Sunday, 10 March 2013

Is it worth putting Gregorian chant music into the vernacular?

I have just spent three hours trying to put a Swedish version of Mass XVII for Advent and Lent, into the correct Gregorian chant notation, using the Meinrad font sets. The music is in the new Cecilia as items 516 to 518.

Cecilia, as mentioned in a previous entry, uses a flying egg notation which is not only exceptionally difficult to read, but also wipes out the nuances of the music. The choir noticed this the moment we started to sing these pieces. The sound was dead.

The deficiencies of the new Cecilia is very apparent in the settings of the Latin texts, especially to anyone familiar with the conventional four line/square note system. Musical vandalism, one might say, but it easy enough to get hold of Gregorian chant in the traditional notation. But so far as I am aware, the Swedish settings have never been done. So the job is possible, the music becomes easier to read and the use of the system would lead to a better standard of singing.

Whether it is worth the effort is another matter. It is clumsy compared to the original Latin, and since everyone knows what is being sung and are meant to know it anyway, what is the point of doing the Ordinary of the Mass in the vernacular?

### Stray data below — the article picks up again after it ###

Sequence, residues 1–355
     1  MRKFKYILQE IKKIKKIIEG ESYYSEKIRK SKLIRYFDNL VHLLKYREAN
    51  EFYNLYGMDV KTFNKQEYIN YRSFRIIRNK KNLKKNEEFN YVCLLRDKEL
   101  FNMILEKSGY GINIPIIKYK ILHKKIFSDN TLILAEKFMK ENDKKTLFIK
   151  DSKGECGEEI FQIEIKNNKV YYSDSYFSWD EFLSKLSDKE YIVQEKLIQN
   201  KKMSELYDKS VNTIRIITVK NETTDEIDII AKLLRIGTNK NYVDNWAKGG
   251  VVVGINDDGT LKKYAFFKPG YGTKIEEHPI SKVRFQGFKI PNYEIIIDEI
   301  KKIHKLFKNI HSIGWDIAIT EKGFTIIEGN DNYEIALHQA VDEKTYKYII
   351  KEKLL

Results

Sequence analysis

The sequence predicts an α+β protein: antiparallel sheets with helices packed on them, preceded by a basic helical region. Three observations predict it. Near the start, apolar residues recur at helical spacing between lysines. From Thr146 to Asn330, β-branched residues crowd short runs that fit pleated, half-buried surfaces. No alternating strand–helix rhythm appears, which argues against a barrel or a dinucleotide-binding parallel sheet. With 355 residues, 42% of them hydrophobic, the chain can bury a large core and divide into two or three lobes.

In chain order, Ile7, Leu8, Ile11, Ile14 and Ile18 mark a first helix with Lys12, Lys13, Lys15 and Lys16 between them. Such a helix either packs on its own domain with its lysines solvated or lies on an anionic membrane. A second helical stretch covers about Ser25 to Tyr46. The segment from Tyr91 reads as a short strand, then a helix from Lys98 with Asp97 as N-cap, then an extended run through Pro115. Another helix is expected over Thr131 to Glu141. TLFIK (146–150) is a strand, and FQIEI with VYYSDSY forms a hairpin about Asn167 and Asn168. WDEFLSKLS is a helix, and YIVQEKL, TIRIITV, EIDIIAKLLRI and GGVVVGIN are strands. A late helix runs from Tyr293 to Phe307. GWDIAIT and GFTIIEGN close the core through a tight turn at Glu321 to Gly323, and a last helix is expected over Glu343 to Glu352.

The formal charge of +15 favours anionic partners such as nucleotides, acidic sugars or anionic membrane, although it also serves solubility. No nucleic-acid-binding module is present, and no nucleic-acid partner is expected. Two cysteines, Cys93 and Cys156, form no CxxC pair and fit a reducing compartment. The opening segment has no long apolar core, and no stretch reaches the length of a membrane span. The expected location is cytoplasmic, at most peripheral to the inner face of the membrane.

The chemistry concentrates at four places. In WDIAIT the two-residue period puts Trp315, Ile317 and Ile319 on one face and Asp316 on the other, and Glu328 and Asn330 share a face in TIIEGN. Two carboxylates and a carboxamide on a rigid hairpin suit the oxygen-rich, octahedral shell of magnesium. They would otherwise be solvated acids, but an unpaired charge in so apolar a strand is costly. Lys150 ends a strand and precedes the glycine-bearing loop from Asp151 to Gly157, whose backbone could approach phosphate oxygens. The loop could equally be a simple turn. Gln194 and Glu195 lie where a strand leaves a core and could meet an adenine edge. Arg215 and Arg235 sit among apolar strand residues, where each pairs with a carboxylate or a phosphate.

Sunday, 10 February 2013

Four-line rearguard action



The much improved appearance and clarity of neum notation in a setting of text is apparent in this new publication of the English Mass by the Church Music Association of America.

Friday, 8 February 2013

The curse of the flying eggs

 

Here is a comparison of the beginning of Credo 3 in traditional Gregorian chant notation and in modern notation, both to the same scale. The upper example is from Plainsong for Schools, first published around 1930 and the lower example is from the latest edition of Cecilia. It shows how the traditional notation illustrates the phrasing and rhythm of the music in a way that the round-note style does not. The porrectus in "omnium", for instance, is replaced by three spots, which lacking even the indication of a tie which would help to emphasise the fact that here is a group of notes belonging to a single syllable. It is also slightly more compact, making the words easier to read and saving some paper into the bargain.